Trucks: Drive report

Hummer has become the pariah of the gas-guzzling automotive world – the supposed end-all truck for the don’t-give-a-damn-about-the-environment crowd and a favorite target for greenies who decry its size and wasteful nature. But I’ve test-driven five Hummers over the past three years, and the fact is, a Hummer doesn’t get any worse gas mileage than a Chevy 2500 or Ford F-250 pickup truck.

The Hummer’s main problem, I think, is in its perceived usefulness. True, heavy-duty pickups like the Silverado 2500 and F-250 drink lots of gas – but they’re clearly work trucks with the requisite horsepower and torque to tow heavy loads and traverse sloppy terrain in four-wheel drive, and have a bed to haul materials in and the interior space to haul additional passengers or serve as a mobile office.

Critics see the Hummer H2 as a big Soccer-Mom-mobile with very little practical utility value. The H2 SUT is Hummer’s attempt to counter those charges. “SUT” stands for “Sport Utility Truck.” In essence, Hummer has chopped off the rear roof section on a standard H2 SUV and added a small, open bed at the rear of the truck.

Actually the bed isn’t as small as it appears. All told, the SUT has a 4-by-6-foot, half-covered bed with 56.7 cubic feet of cargo capacity. That’s comparable to a standard-bed Silverado 2500, which sports 56.9 cubic feet of capacity (although long-bed versions offer 73.9 cubic feet.). The problem is the half-covered bed makes it difficult to load, situate and haul long or bulky items. The capacity is there – using it can be a challenge. To counter this, the window and rear section of the cab can be lowered, increasing access to the bed. An optional hard bed cover can be ordered to provide payload security. Rubber mats help keep the bed and rear cab clean.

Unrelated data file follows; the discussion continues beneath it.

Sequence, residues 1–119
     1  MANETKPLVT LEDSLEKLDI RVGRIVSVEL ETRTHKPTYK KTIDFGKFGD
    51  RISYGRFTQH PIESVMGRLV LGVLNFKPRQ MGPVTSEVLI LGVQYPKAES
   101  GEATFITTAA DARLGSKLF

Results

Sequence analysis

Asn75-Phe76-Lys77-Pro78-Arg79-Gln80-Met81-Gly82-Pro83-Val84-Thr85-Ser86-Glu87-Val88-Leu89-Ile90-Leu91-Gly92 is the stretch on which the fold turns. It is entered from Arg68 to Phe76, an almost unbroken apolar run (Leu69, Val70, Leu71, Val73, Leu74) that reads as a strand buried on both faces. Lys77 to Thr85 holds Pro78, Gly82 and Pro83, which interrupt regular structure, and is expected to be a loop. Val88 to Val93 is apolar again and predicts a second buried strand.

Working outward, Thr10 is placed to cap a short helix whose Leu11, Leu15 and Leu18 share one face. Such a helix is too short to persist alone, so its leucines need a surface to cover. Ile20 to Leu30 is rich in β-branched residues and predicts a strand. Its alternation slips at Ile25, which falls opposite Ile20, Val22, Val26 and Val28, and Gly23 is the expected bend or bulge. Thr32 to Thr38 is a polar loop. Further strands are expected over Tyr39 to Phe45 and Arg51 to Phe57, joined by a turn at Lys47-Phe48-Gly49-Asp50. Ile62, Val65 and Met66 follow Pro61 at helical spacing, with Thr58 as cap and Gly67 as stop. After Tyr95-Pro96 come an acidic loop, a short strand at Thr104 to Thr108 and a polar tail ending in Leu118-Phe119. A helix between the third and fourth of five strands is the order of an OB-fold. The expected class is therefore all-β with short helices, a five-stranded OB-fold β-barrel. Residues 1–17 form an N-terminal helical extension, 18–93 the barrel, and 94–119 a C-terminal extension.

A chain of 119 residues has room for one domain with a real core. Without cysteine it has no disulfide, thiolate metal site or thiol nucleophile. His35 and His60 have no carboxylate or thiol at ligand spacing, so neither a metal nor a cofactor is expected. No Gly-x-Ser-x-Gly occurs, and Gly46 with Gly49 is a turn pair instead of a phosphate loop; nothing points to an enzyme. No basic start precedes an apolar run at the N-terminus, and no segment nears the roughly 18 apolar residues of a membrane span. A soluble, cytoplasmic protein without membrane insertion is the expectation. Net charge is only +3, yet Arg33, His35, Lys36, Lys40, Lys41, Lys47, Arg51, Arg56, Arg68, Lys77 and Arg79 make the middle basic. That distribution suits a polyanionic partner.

Performance-wise, the H2 SUT is virtually identical to its H2 predecessor. The truck is rated to ford streams up to 20 inches deep, climb a 60-degree grade or16-inch steps or rocks, and travel sideways on a 40-degree grade without tipping over. Similarly, the SUT’s vehicle heights and dimensions are similar, if not identical, to a standard H2’s.

Inside the cab, it’s all pretty much the same décor as you’ll find in an H2. One noticeable difference is the vastly improved rear visibility the pickup bed offers. Drive an H2, and you’ll spend a lot of time double-checking before you back up or change lanes. That’s not necessary in the SUT because rearward sight lines are simply outstanding.

I can never see the point in having a Hummer and not taking it off road. And I have personally disproved the assertion that Hummers can’t be stuck in the mud. Trust me, they can. But the SUT didn’t suffer that fate. It handled admirably on deep-rutted logging roads, easily chugging through knee-deep gumbo mud. I also climbed some fairly slick, steep hills without any trouble and did it all in luxurious comfort. For all the negatives that surround the Hummer name and image, there’s simply no denying the fact that these trucks deliver exactly the performance and capability they promise.